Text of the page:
“You can’t stop the tide,” said Rob Schneck. “I’m not afraid of the snow, I’m not afraid of the wind, it’s just the water.”
With wind blowing the tarps off homes still under repair after hurricane Sandy people living in Bay Port brace for the high tide and the nor’easter that will follow.
“It’s worse than it’s ever been before. We used to get a foot in the street maybe once a year now we get it just about every normal high tide.”
Schneck says most of his neighbors left after the hurricane and many have yet to come back to their homes.
“They got devastated by Sandy and they’ve been flooded several times since then.”
Meanwhile crews in Gilgo Beach tried to rebuild the dunes destroyed during the storm. Hoping to protect the costal homes from yet another flood with waters expected to rise more than three feet above normal high tide.
And over in Sayville with few worries of severe flooding it’s a much more laid back approach.
“Well the streets definitely will be flooded and it will come over the bulkhead,” said Gale Campiglia of Sayville. “We just live with it. It’ll be gone before you know it, it’s nature.”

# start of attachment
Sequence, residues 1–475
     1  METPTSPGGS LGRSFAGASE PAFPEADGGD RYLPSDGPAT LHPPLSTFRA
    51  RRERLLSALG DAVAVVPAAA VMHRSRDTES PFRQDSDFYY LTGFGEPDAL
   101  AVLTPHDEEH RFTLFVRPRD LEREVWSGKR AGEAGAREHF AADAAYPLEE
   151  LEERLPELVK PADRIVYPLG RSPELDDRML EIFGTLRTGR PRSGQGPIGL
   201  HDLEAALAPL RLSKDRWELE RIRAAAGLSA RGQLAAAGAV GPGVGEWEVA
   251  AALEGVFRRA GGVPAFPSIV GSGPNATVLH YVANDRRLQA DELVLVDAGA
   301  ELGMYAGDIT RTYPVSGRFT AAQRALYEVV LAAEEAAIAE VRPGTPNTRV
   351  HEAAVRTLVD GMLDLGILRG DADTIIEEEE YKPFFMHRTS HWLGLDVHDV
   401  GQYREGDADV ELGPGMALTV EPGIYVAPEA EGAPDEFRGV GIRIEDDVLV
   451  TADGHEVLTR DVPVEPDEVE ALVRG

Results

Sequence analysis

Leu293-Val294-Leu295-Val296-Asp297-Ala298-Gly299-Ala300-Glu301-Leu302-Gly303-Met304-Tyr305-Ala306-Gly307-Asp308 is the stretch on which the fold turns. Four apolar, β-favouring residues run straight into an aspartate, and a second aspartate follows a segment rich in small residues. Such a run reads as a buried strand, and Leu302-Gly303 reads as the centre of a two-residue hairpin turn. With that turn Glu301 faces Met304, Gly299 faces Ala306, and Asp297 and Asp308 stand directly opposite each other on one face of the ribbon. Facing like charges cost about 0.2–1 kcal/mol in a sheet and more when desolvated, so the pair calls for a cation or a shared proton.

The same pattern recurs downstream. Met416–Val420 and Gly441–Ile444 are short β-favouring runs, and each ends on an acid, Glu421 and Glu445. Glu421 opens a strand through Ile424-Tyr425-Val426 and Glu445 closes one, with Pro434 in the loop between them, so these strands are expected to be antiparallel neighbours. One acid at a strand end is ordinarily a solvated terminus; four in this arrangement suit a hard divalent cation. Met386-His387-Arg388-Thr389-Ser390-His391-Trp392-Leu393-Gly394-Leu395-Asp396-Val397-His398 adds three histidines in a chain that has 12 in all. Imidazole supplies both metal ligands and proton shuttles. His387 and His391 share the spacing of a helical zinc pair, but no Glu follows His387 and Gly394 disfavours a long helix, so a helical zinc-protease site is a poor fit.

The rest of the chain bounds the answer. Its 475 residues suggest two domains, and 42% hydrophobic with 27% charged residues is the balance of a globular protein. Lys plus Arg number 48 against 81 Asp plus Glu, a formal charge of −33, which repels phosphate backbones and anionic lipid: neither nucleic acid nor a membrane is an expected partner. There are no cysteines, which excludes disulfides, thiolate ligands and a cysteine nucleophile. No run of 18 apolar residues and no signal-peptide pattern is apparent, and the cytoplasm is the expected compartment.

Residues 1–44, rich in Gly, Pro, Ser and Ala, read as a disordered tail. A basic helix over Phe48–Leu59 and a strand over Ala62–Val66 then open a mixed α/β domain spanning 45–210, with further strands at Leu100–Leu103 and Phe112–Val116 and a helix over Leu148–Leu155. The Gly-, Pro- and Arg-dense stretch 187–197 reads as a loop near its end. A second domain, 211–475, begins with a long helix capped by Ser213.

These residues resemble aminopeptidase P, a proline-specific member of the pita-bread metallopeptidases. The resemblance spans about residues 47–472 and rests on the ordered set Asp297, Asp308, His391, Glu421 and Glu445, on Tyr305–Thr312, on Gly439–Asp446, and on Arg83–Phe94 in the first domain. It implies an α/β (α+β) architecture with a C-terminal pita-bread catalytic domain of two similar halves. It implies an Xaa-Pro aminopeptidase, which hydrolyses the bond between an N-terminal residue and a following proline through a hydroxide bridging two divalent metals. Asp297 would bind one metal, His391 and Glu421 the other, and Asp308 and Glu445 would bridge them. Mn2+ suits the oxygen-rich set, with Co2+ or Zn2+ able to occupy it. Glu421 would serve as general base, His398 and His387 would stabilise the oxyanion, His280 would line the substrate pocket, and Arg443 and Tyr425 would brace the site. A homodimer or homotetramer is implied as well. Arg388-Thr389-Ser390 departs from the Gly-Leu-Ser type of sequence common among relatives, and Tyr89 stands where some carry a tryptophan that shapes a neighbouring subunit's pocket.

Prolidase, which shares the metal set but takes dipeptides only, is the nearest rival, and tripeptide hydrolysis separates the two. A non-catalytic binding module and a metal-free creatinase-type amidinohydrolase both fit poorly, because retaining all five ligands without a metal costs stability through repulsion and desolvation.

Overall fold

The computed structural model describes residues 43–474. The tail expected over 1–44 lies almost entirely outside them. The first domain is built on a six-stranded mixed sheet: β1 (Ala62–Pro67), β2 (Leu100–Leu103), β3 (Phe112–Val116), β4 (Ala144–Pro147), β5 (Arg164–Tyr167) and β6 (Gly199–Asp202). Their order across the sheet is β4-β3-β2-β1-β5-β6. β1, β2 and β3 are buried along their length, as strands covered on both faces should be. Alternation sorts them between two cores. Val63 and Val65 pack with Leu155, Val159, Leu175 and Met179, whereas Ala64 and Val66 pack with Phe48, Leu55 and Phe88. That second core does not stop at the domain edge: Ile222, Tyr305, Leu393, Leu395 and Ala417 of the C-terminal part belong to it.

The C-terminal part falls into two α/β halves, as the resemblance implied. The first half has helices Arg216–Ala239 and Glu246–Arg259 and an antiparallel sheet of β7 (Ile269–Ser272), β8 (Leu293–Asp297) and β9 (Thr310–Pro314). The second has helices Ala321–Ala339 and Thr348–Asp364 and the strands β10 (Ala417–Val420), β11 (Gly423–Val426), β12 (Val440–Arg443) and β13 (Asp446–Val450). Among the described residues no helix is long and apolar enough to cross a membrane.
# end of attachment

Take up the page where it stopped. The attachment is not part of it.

But after facing a hurricane, a blizzard, and now waiting on the next nor’easter, even the most loyal Long Islanders like Gale Campiglia are starting to have second thoughts about the place they call home.
“It’s a little scary, maybe it’s time to pack up and move.”
Now high tide isn’t expected in Long Island until somewhere between 2 and 7 a.m., but mixed with light snowfall, flooded streets and possibly a few downed trees from the 50 mile per hour wind gusts, residents should expect a very messy morning commute.